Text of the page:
“On 85 dirty, my .40 got extensions/
Fuck the other side, tell them n — s I meant it,
If they want a war, tell them pussies I’m with it/
K got a drum and it hold a buck 50”
As more athletes and entertainers step forward to speak about the issue of police and gun violence in America, staying silent is becoming unacceptable. And by extension, explicitly promoting violence is becoming unimaginable. In the case of Deniro Farrar, who by all accounts seems very aware and heavily invested in his fans on social media, it would be good to remember that the words and sentiments of artists mean little if not matched in their music.
Throughout The Way I’m Living, Well$ foot is to the pedal almost non-stop, an obvious play to his biggest strengths, but one that comes at the expense of emotional breadth — rather than convey a full spectrum of emotions, almost every song feels like Well$ trying to rip the mic to shreds and then set fire to the remains. And despite Well$ unique perspective and the album’s tack-sharp production value, make no mistake: there is a lot of content here expressly built on the foundation of rap’s archetypal fallbacks — making more money than you, being more successful than you, having sex with your girlfriend, putting his city(s) on his back, et al. As it so happens, he sounds really good rapping about those things.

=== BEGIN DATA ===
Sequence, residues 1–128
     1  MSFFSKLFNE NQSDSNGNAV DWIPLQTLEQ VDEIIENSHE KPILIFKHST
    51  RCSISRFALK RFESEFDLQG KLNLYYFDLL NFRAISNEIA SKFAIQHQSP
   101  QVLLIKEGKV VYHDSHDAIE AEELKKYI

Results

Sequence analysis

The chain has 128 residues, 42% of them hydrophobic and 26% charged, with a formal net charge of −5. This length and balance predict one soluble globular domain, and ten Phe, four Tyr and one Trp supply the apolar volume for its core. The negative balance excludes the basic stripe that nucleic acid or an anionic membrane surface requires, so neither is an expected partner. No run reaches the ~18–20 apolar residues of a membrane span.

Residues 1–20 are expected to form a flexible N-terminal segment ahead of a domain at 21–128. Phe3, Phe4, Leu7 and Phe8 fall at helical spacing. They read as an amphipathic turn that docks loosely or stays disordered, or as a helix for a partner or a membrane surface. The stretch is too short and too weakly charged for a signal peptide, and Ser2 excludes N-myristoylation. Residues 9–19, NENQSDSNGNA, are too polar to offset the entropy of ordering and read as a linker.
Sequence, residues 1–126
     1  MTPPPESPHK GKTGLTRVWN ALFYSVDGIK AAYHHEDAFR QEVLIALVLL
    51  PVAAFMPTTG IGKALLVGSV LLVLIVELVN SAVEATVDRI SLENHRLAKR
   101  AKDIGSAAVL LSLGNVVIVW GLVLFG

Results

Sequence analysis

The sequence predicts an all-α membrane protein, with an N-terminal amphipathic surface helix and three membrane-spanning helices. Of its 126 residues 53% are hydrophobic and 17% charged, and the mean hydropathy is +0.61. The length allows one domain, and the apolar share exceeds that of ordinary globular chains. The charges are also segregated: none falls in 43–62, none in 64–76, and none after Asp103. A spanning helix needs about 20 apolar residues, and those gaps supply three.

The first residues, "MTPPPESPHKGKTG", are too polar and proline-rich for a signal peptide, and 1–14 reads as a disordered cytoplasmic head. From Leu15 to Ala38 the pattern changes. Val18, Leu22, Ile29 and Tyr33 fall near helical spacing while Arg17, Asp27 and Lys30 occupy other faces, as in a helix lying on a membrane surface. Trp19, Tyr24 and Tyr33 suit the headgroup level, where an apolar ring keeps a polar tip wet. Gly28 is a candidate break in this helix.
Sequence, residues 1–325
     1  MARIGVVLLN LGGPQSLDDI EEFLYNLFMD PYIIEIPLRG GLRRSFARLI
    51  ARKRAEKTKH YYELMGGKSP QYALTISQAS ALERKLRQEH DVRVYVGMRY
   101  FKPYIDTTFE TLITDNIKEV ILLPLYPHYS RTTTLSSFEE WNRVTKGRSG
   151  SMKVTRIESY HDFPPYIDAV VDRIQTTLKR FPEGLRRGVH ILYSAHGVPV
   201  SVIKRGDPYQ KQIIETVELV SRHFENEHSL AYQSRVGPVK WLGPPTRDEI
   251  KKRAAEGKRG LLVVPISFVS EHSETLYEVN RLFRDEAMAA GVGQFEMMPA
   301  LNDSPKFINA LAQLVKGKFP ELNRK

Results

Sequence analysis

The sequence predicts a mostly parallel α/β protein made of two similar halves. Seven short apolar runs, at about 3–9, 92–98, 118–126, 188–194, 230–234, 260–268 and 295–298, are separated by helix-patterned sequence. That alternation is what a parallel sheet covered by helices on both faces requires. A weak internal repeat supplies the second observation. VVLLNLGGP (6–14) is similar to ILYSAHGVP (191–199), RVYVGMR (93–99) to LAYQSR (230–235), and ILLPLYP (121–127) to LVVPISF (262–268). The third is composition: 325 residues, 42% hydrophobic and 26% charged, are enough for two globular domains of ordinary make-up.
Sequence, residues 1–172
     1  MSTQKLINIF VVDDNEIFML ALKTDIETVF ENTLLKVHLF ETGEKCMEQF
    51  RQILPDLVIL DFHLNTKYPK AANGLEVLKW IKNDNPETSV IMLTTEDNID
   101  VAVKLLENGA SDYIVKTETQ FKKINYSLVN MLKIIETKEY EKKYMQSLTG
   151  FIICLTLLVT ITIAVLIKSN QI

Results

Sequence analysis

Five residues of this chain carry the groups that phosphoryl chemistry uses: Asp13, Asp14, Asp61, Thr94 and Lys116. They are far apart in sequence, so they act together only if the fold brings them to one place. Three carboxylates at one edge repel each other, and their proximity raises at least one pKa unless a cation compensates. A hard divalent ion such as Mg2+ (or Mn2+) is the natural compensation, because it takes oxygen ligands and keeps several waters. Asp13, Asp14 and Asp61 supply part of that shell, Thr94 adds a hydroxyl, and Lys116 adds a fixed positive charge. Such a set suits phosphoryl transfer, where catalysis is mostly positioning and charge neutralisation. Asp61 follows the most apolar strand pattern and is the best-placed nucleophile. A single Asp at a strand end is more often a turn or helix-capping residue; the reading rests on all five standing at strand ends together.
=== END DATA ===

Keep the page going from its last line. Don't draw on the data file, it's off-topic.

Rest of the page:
Then again, that’s partially the underlying concept at the heart of The Way I’m Living Makes My Mom Nervous, an album title that immediately casts Well$ as both reckless enough to indulge in the vices that come with the “rap life” and self-aware enough to know that that’s exactly what he’s doing. Considering how good this album sounds, there’s likely only more experiences like it to come. Why The Way I’m Living Still Makes My Mom Nervous — coming in 2017.